Crate training a puppy or dog provides a valuable tool. The crate should be a safe, positive place for your dog — one that provides comfort and security. It can be used for aiding in potty training a dog, as well as preventing destructive behaviors. The crate can also be a valuable resource if you need to travel or if there is an emergency, injury, or illness and the dog needs to be crated.
How to crate train dogs using food lures
You’ll need high-value treats as well as a clicker to crate train a dog using food lures. Here's how to do it:
- Set up the crate in a quiet space of your home, put your dog's favorite blanket inside, and open the crate door.
- Start with letting your dog explore the crate on their own. Anytime they move toward it or place even a nose inside, mark and reward (click the clicker and then give them the high-value treat). This might take some time as some dogs will enter quickly and others will be leery for a bit longer. Be sure to continue marking and rewarding as your dog puts more of their body inside. For example, if your dog starts with only putting a nose in, wait for them to put their whole head or a leg in before the mark and reward.
- Continue this process until your dog is consistently going into the crate. When you hit this stage you are going to name the behavior — i.e., add a cue like “kennel up,” “crate,” or something else you prefer that would only be used for this.
- After several sessions of naming, open the crate and give the cue. If the dog does not go in, wait several seconds and offer the cue again. If the dog still does not go in, then go back a step. It’s important not to continue saying the cue to them as it will lose meaning.
- Cue the dog to enter, and then close the crate door. If they settle, open the door and give them a treat. Continue this until you are able to work up to closing the door and leaving the room for a bit.
- All skills need to be practiced! Keep this up even if you won’t crate your dog daily.
Note: If your dog is hesitant to enter the crate at all, use this process but instead of them entering on their own, toss in a high-value treat at each step. (Toss in the treat, mark once the dog enters, and the reward is already in the crate.)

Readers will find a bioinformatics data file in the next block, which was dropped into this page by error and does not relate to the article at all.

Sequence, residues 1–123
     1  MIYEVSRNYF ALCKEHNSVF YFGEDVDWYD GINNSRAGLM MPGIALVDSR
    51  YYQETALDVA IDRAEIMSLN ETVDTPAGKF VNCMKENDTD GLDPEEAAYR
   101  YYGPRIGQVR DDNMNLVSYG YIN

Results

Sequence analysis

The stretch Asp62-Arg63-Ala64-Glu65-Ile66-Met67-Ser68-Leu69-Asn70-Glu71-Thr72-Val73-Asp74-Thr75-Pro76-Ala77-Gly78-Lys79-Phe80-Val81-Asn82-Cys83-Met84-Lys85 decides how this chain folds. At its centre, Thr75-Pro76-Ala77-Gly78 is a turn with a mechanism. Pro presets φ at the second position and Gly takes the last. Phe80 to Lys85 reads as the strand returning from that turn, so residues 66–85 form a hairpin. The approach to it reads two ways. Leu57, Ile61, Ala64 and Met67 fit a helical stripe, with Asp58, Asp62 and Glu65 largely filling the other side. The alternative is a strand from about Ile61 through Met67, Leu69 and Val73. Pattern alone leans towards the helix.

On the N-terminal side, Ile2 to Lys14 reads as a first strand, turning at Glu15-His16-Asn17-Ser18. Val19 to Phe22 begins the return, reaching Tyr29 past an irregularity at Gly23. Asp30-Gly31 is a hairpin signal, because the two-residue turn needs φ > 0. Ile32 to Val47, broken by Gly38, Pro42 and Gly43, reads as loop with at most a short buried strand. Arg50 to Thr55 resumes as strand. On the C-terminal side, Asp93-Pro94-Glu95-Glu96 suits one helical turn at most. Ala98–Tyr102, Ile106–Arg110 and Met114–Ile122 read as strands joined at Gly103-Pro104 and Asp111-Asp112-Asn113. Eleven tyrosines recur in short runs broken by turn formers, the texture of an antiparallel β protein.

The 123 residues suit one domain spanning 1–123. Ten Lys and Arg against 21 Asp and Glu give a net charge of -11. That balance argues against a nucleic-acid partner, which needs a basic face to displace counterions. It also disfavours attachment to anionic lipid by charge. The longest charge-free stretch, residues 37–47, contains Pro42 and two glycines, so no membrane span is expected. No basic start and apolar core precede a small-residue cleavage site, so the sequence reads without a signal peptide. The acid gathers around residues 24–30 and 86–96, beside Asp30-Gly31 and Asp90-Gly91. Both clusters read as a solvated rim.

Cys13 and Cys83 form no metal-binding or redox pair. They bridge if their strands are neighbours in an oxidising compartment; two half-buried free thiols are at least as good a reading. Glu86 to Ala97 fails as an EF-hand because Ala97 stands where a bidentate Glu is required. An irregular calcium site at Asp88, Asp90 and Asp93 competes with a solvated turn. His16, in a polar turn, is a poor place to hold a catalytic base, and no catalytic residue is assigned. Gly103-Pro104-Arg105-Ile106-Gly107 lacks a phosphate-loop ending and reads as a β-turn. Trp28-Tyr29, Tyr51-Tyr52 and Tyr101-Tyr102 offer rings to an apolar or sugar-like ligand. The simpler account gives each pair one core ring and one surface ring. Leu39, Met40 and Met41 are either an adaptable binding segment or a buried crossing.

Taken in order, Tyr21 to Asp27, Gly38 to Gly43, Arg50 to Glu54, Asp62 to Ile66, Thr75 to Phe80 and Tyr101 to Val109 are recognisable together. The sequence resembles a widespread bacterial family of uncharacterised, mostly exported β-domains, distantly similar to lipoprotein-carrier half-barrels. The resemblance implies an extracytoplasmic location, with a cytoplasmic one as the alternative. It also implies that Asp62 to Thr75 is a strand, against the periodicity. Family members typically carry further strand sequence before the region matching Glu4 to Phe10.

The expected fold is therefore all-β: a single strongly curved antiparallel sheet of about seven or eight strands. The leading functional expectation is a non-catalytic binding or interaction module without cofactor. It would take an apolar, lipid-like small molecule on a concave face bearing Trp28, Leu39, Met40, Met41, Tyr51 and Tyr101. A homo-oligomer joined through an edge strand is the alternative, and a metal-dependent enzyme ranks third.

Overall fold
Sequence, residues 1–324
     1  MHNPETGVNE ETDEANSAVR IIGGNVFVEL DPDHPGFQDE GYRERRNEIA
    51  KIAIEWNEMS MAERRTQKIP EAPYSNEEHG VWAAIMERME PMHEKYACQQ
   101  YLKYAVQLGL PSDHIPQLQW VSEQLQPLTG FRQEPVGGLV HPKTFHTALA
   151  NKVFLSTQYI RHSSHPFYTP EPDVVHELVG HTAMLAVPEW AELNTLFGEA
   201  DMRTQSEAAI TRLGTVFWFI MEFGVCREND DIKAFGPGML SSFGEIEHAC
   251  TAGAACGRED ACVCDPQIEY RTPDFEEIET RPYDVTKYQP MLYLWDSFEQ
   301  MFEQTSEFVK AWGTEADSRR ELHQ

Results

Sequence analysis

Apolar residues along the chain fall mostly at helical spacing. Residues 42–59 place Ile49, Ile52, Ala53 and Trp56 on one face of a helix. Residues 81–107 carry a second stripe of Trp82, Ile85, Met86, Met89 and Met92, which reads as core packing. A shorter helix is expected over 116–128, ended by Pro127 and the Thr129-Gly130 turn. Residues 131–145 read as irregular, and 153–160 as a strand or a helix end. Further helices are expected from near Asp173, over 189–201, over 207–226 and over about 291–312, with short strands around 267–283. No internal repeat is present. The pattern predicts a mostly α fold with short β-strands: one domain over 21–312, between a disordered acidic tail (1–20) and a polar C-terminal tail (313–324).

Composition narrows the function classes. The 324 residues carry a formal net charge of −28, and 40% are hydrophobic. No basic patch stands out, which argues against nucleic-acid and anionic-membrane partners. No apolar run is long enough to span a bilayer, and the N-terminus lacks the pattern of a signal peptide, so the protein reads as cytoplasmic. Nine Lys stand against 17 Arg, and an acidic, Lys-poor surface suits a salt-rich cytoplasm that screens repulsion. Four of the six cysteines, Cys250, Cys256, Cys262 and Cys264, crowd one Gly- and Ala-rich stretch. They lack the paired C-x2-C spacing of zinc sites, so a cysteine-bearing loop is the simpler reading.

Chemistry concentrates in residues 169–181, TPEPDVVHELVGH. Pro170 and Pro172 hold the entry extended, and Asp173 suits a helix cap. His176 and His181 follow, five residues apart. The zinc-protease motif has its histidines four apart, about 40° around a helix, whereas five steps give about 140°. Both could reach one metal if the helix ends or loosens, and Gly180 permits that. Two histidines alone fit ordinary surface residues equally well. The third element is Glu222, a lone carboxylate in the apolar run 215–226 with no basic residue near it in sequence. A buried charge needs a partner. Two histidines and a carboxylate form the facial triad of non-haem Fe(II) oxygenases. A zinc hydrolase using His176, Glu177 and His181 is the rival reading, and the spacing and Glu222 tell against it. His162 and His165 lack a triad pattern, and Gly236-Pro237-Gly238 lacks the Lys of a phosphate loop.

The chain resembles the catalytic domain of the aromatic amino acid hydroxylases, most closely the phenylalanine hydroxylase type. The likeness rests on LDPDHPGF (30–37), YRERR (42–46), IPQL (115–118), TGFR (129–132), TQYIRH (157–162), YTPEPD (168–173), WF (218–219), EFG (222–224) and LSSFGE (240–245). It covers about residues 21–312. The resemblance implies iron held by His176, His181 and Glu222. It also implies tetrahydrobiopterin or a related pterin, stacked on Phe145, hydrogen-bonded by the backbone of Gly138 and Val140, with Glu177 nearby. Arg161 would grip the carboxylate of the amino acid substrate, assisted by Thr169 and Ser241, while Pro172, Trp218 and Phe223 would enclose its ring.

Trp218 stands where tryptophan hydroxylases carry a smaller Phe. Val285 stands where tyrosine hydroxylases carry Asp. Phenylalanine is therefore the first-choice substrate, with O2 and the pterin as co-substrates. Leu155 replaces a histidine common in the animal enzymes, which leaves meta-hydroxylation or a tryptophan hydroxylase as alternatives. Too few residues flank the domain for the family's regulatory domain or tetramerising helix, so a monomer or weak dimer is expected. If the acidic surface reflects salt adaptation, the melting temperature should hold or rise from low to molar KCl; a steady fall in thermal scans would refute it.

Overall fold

Keep gradually increasing the amount of time the dog spends in the crate, including sessions with you leaving the house for a short period while the dog is in the crate working on a Kong or food puzzle. If you need to crate your dog during your work day, build up to that.
Feeding meals in the crate
Even if your dog loves the crate, feed them their meals in there. This will continue to build the positive association for them.
- Begin by placing the dog’s food bowl as close to the crate as the dog will go.
- Gradually move the bowl closer to the crate over the course of a few meals.
- When the dog is relaxed about eating near the crate, begin placing the meal just inside the crate.
- Gradually move the food bowl toward the back of the crate over the course of a few meals until your dog is entering the crate with their whole body.
- Proceed to step 1 of the crate-training process using food lures (above) if your dog still needs to work on spending longer durations in the crate.
Proofing the behavior
Proofing in dog training means teaching the dog to generalize the behavior in different contexts, including with different people and locations. Only change one factor at a time during your training process. Have different people give the dog the “crate” cue and reward your dog for going into the crate. If initially the dog doesn’t go in for the “crate” cue only, the person can toss in a treat.
To vary distractions in your crate-training process, talk quietly in an adjoining room while the dog is in the crate, and then gradually increase the volume and the number of people talking. You can also play music, turn on the TV, or run appliances.